Wednesday, October 15, 2008

Making it look easy

When helping to put away groceries as a kid, it was not uncommon to find a six-pack package of Snickers in one of the brown paper grocery sacks we brought in from the car. Waiting.

Four kids plus two parents meant that six packs were perfect for my family. Somehow (when it came to six packs) the unspoken "one per" honor system policy worked like a charm.

Snickers' six packs were stored in the cupboard above the dishwasher, to the left. When a family member was ready for their snack, they would take their share from the six pack. As the youngest with a voracious sweet tooth, I often found myself clambering onto the counter and reaching for my Snickers within minutes of delivery.

I'm not sure why I would tempt myself this way, but long after I'd devoured my one sixth, I would climb back onto the counter and peek into the cupboard to see how many remained. Sometimes, if I was lucky, there would be one left. This one almost always belonged to my mother.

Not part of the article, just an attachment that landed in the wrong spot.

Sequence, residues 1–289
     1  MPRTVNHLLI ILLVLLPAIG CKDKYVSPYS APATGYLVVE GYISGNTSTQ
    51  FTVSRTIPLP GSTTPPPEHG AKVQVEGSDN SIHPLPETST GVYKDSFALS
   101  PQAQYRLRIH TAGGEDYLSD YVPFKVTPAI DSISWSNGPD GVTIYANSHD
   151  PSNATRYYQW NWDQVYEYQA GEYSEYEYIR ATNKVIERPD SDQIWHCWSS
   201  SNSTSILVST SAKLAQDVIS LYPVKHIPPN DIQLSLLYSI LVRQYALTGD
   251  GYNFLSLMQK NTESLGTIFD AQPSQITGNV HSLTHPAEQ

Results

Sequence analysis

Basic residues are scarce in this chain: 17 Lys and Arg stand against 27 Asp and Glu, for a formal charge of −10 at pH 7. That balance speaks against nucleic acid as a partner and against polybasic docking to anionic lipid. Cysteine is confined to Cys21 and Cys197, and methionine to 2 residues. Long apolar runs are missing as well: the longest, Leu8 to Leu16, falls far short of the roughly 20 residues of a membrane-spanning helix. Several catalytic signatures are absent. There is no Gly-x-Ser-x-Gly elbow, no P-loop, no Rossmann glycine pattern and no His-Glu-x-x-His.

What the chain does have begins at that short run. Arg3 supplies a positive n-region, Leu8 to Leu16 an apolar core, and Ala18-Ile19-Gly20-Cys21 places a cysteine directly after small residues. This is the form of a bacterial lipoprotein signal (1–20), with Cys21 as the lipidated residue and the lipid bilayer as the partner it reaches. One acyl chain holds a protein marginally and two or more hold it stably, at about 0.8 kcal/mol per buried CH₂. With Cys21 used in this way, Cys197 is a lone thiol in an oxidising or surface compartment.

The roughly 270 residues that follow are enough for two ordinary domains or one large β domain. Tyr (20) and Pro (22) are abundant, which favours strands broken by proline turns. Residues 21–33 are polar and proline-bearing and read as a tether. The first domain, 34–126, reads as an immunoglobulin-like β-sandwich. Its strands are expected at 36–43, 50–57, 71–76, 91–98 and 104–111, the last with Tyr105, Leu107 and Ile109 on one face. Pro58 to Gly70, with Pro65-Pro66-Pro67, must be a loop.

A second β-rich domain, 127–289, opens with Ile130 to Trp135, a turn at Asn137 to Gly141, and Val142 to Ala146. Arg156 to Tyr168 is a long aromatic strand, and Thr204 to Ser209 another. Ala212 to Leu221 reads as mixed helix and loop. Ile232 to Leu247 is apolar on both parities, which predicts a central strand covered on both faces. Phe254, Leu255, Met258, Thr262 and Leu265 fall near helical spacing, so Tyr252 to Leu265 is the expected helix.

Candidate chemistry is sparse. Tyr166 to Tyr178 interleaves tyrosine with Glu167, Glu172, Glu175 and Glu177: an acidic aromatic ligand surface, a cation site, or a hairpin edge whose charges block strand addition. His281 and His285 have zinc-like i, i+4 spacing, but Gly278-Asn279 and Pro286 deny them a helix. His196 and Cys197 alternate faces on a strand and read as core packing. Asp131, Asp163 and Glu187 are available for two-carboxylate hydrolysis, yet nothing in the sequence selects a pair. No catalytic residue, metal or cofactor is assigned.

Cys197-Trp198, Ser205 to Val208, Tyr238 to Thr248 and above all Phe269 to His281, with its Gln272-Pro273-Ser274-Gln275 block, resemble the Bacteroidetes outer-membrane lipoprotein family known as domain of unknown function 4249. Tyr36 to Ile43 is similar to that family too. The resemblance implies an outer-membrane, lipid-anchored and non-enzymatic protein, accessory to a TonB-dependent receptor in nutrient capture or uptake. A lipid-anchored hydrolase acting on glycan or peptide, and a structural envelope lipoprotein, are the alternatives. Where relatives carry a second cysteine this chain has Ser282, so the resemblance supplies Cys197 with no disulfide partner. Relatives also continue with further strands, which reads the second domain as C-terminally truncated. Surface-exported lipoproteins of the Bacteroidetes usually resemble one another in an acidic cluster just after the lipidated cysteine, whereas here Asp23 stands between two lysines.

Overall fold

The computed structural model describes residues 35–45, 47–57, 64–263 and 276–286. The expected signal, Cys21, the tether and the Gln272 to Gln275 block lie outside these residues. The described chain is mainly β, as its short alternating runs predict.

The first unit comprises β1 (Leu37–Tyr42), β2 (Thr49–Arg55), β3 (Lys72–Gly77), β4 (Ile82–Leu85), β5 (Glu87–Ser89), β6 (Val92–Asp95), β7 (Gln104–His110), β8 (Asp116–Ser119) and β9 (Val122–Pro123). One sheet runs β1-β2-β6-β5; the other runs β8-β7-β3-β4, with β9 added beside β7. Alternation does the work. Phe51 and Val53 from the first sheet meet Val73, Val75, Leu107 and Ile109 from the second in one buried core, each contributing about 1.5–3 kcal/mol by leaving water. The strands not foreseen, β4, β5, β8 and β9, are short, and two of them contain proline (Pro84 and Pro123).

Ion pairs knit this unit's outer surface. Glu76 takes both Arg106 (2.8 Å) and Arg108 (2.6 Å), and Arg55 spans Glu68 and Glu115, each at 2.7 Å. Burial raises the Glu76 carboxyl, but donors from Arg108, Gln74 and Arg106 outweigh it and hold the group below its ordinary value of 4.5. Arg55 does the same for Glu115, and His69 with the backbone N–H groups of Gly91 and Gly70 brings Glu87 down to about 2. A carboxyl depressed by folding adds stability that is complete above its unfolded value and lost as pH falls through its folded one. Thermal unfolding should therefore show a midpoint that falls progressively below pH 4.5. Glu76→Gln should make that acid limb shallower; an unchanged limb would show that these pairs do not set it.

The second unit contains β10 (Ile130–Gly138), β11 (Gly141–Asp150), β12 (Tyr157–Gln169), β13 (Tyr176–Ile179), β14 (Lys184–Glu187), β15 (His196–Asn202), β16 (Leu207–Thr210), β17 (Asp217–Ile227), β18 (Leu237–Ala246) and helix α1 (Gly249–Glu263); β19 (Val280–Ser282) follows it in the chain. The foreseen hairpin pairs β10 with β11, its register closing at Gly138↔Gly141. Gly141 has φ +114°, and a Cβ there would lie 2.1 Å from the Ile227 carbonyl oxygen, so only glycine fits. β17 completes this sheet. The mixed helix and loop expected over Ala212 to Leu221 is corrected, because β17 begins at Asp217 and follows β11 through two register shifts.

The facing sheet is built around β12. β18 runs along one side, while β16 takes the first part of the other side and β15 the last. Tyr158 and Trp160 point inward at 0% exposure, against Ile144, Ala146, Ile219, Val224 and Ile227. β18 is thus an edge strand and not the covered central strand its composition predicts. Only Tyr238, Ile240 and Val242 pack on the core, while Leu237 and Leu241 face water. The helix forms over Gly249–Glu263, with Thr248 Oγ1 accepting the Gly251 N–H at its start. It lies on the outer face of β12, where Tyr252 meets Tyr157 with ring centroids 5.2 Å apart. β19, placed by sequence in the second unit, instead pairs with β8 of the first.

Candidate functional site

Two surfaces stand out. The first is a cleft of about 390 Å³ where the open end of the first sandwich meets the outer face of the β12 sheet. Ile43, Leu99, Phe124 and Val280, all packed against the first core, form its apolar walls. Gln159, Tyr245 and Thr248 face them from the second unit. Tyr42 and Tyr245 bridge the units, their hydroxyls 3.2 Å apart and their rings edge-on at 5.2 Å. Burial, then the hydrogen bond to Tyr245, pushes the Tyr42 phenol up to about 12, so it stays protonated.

Inevitably, I would ask my mother if I could have her share. She would say yes and I would run off greedily clutching my SECOND treat.


Fast forward many years. While sitting in my parents' kitchen ready to enjoy some dessert given to me, my then young nephew walked into the room. Seeing what I had in my hand he innocently asked if he could have it.

I gave it to him. I'm embarrassed to admit I felt torn for a few moments -- part of me wanted to take a bite first or ask him for half or to say no!


Shortly after he left the room, I happened to glance up at the cupboard above the dishwasher and it hit me. Not the cupboard or the dishwasher, but the fact that my mom also has a sweet tooth. And that she love loves loves Snickers Bars.

It had never occurred to me that she was a sacrificing something she wanted for herself back then. I never sensed any hesitation. There were no visible signs that what she was doing was difficult or annoying.
She made it look so easy.
This one thought was followed by a whole jumble of others.
She had made everything look easy! The one trivial glimpse I had via the experience with my nephew was merely the tip of a gargantuan iceberg! I had been a terrible burden! My poor mother!
As these thoughts swirled around my big-selfish-jerk head, it dawned on me: she couldn't have hidden the difficulties put upon her by the trials of motherhood without concerted effort; it had been done skillfully, and more importantly, with intention. This was her gift to me.


Looking down the hallway toward my nephew, I realized I had unconsciously done my best to pass my mother's gift on to him. Granted, I'm nowhere near as gracious as my mother -- but to have something like that to even strive to give is a gift within itself.

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